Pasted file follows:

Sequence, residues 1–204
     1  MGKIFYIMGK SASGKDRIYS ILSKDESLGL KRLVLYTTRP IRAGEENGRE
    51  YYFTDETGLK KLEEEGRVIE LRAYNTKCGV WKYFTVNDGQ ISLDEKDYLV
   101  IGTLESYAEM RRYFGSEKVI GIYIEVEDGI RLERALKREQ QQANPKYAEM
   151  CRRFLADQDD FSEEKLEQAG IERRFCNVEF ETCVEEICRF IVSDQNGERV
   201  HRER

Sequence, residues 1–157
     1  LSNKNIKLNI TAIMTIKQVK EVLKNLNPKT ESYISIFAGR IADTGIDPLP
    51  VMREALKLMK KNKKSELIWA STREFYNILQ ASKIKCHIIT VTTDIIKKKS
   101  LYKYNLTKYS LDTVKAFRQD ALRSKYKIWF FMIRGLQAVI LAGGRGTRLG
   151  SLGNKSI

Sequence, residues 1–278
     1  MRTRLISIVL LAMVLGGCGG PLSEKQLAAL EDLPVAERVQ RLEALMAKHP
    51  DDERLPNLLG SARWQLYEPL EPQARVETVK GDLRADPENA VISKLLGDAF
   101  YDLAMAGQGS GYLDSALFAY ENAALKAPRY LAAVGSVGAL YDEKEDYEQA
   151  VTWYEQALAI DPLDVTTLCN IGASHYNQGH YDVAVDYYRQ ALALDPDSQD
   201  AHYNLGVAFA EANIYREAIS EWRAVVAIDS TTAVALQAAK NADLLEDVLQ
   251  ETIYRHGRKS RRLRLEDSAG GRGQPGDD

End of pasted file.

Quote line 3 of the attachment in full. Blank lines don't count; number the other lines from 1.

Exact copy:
    51  YYFTDETGLK KLEEEGRVIE LRAYNTKCGV WKYFTVNDGQ ISLDEKDYLV